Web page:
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How does one choose the hundred best Jewish books? How can one even begin to compare books like Exodus (the second book of the Torah), and Exodus (the novel about the creation of the State of Israel by Leon Uris)? To avoid these sorts of problems, I have divided Jewish books into 10 categories and offer 10 important Jewish books in each category.
1. Tanakh. No need to justify this one.
2. Rashi‘s Commentary on the Bible. He deserves his own space, even though he is included in the following entry.
3. Mikraot Gedolot on the Humash. All the classical commentators in conversation on a single page; what else can you say?
4. Legends of the Jews, written by Louis Ginzberg and typed and edited by Henrietta Szold. Magnum opus of legend and midrash with extensive notes.
5. Jewish Publication Society Torah Commentary. A lot of conversation between the different editors of the different volumes.
6. The Five Books of Moses, translated by Everett Fox.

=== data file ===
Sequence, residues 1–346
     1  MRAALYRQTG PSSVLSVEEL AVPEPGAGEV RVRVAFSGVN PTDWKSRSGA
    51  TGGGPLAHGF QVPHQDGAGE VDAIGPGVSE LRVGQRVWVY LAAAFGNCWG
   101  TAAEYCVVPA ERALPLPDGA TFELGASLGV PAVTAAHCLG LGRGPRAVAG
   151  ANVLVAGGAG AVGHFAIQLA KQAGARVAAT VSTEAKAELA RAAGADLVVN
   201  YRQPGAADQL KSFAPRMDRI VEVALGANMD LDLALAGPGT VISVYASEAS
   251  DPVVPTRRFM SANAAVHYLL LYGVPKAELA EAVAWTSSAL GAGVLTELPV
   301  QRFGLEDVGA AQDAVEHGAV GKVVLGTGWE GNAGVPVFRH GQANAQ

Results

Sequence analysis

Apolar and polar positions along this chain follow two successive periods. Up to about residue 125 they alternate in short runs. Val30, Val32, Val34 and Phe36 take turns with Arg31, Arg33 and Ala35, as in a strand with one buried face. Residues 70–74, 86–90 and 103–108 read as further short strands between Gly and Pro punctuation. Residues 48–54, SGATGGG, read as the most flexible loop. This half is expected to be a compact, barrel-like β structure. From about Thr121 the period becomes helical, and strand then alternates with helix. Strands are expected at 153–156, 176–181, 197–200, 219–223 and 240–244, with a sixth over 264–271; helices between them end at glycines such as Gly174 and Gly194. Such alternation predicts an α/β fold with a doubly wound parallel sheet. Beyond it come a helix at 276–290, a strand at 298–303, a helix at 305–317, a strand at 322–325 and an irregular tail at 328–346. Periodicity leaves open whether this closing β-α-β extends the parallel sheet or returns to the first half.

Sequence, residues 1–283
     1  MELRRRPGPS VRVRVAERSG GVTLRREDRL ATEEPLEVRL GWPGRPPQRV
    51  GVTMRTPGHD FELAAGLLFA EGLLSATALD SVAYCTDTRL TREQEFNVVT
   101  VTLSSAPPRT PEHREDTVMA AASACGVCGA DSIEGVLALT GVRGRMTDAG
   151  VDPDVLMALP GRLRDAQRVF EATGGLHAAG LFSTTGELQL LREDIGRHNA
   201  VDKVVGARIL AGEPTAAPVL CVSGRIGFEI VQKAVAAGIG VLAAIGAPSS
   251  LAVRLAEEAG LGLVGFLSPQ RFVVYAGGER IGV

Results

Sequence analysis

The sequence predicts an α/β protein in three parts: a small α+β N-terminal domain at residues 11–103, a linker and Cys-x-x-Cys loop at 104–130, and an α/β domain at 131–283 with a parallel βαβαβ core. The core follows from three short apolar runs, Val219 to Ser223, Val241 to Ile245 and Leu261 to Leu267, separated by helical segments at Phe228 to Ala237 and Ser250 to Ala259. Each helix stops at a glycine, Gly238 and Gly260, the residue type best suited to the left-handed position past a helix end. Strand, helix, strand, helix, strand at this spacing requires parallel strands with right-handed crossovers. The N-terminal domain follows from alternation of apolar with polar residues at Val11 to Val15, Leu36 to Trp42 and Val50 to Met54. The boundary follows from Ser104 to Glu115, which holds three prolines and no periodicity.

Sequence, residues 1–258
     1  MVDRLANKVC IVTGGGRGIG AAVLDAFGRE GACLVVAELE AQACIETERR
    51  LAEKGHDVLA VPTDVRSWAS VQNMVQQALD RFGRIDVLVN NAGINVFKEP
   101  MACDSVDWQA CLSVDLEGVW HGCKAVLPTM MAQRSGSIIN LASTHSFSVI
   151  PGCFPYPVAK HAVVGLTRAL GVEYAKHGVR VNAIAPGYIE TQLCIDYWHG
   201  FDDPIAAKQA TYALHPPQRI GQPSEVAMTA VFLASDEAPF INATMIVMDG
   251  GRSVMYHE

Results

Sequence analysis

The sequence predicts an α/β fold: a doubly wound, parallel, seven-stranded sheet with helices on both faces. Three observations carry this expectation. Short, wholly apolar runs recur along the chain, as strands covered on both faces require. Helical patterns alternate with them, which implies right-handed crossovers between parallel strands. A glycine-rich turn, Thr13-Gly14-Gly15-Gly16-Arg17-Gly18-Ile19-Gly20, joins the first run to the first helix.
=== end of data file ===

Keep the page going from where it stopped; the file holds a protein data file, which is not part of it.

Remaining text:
7. Studies in the Weekly Portion, Nehama Leibowitz.
8. The Beginning of Desire: Reflections on Genesis, Avivah Gottlieb Zornberg. Exciting, original essays on the stories of Genesis.
9. Midrash Tanhuma. Easier to read and more fun than Midrash Rabbah.
10. Pirkei d’Rabbi Eliezer. Edgy narrative midrash with unusual legendary material
1. Talmud. Discussion of Jewish law. Argument on the discussion of Jewish law. Commentaries on the arguments. Comments on the commentaries. You get the idea.
3. Shulchan Arukh. A “world Jewry” perspective on Jewish law incorporating both the Sephardic approach of Rabbi Yosef Caro (Safed, 1560’s) and the Ashkenazic comments of Rabbi Moshe Isserles (Poland).
4. A Guide to Jewish Religious Practice, Isaac Klein. An easy to read, detailed, referenced, English language compendium of Jewish law and practice.
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